Tom Purcell joined Peace Corps at age 23. It was the summer of 1965 and his first assignment was to go work in Bassi, a small village in North India, about 20 miles east of Jaipur. The villagers, none of whom spoke English, took him for a British when they saw him the first time. Sensing a faint resentment that had built for him, the headmaster of the local school explained it to people that he was from “umreeka”, a different country that was also a British colony once. A lot of people then didn’t know about the US and then he would make a reference to Hiroshima. I personally find it amusing how those people knew about Japan when they didn’t know the US but that’s a separate discussion altogether.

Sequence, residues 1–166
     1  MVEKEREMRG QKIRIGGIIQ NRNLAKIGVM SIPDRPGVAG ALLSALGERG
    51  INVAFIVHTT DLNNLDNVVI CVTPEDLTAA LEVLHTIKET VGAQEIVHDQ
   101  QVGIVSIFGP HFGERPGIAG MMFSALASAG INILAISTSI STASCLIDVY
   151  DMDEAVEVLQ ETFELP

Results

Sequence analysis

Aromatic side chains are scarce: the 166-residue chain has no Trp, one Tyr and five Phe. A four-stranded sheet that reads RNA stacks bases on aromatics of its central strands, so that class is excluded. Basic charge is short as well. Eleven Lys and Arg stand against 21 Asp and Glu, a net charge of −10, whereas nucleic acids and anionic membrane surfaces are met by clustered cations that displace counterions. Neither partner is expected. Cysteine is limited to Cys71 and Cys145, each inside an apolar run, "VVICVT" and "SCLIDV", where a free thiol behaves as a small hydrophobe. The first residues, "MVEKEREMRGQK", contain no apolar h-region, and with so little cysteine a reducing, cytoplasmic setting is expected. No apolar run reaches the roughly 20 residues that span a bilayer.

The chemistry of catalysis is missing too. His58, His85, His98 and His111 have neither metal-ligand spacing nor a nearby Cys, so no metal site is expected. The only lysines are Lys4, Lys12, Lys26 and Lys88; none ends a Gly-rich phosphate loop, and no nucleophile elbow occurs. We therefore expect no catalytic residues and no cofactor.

Many years later, in the 1990s, I spent my early teenage years in Bassi. It was then I came to know about Tom Purcell. I also came to know that my father who was a college student back then often played the role of his translator. He was in fact 1 of the 2 college students in the whole village who spoke some English and thus being given the responsibility was inevitable. Tom lived in the village for about 2 years and worked tirelessly during his stint. People, who knew him, remembered him fondly – he’d helped start scholarship program at the local school, helped set up first public lavatories in the village, and most importantly, he was master at consensus building for solving problems compared to the other “foreigners” before him who came to rule, always used force and often guns.